Here is my tentative answer. First of all, this answer is all based on the conventional QED, where we know the electron's self-energy is like $\Sigma=\Sigma({\not}{p})$. My original question deals with nonconventional QED where $\Sigma$ may also have momentum dependence on $p^\mu$ (which could be contracted with a background field of some kind, for instance, therefore resulting in an observer scalar quantity). Hopefully, my arguments may be extended to that nonconventional case.

Basically, I cannot find a consistent way of doing $\frac{\partial p^\mu}{\partial {\not}{p}}$, and I suspect there isn't one at all because $\frac{\partial}{\partial {\not}{p}}$ may not be a well defined operation but instead just a practical symbolic notation. Therefore, my approach is to avoid using $\frac{\partial}{\partial {\not}{p}}$ and instead use $\frac{\partial}{\partial p^2}$, which seems to be the meaningful operation.

As far as I could track, in the context mentioned above, the only instance where we need $\frac{\partial}{\partial {\not}{p}}$ is when imposing $\frac{\partial \Sigma}{\partial {\not}{p}}\Big|_{{\not}{p}=m}=0$. This requirement shows up when we ask the propagator $\frac{i}{{\not}{p}-m-\Sigma}$ to have residue at $i$ when ${\not}{p}=m$ once we already have the condition $\Sigma({\not}p=m)=0$ that ensures it's pole is located at $p^2=m^2$. The important point here is that the specific value $i$ arises after a series of loose symbolic operations for taking the residue:

$Residue = \displaystyle \lim_{{\not}{p}\rightarrow m} ({\not}p-m) \frac{i}{{\not}{p}-m-\Sigma}$,

but in the limit we would get $\frac{0}{0}$ because $\Sigma({\not}p=m)=0$. Thus, we use l'Hôpital's rule (by taking $\frac{\partial}{\partial {\not}{p}}$ on numerator and denominator) and in the end we see that imposing $\frac{\partial \Sigma}{\partial {\not}{p}}\Big|_{{\not}{p}=m}=0$ indeed fix the residue at $i$. This is motivated by the wish of having the renormalized propagator to look like the free one (where there is no $\Sigma$).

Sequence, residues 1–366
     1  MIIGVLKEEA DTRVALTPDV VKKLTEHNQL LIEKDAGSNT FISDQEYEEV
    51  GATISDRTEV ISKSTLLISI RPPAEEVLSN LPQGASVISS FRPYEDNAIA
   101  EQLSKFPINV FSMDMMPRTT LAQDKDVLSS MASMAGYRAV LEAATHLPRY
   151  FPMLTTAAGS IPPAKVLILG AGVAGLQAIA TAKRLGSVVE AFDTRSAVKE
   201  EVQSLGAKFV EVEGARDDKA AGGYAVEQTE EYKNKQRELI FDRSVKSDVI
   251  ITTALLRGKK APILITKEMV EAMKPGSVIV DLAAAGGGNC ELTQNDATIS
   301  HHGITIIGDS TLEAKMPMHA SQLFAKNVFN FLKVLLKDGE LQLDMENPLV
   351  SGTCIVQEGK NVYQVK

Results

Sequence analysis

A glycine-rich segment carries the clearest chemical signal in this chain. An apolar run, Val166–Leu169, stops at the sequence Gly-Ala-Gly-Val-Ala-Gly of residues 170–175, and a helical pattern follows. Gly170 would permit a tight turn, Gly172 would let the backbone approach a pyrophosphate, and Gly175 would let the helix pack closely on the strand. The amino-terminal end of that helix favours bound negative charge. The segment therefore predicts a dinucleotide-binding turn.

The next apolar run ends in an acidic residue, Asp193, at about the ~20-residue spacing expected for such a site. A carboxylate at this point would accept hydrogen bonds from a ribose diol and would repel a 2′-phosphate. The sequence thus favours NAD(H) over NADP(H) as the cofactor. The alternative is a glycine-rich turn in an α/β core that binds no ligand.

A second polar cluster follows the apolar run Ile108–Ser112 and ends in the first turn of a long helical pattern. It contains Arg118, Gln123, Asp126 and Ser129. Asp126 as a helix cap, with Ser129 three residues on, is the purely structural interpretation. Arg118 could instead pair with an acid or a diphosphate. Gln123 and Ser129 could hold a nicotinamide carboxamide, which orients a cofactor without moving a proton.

On the other hand, we can do the same thing in a meaningful way writing the propagator as $i({\not}{p}-m-\Sigma)^{-1} = i\frac{{\not}{p}+m+\Sigma}{p^2-(m+\Sigma)^2}$ and look for the residue,

$Residue = \displaystyle \lim_{p^2\rightarrow m^2} (p^2-m^2) i\frac{{\not}{p}+m+\Sigma}{p^2-(m+\Sigma)^2}$,

and again we would find $\frac{0}{0}$ and then use l'Hôpital, but by means of the $\frac{\partial}{\partial p^2}$ derivative instead. We find that imposing $\frac{\partial \Sigma}{\partial p^2}\Big|_{{\not}{p}=m}=0$ fix the residue at $2m i$. The extra $2m$ factor is indeed the same we would find for the free case ($\Sigma=0$).

The value of the residue is different in both cases first because the dimensionality of the derivatives are different. Second, the latter approach have a pole at $p^2=m^2$ and this makes precise sense, and the former symbolic approach mention before has the pole at ${\not}{p}=m$ in a very loose sense.

The first point is: in the end, both conditions are expected to give precisely the same result. Both conditions are always taken on shell (${\not}{p}=m$), therefore, given the correct dimensionality factor $2m$, derivatives with respect to $p^2$ should be equivalent to ones with respect to ${\not}{p}$. (One way of understand that is by looking at the effect of both derivatives on $p^2={\not}{p}^{\,2}$ after imposing ${\not}{p}=m$.)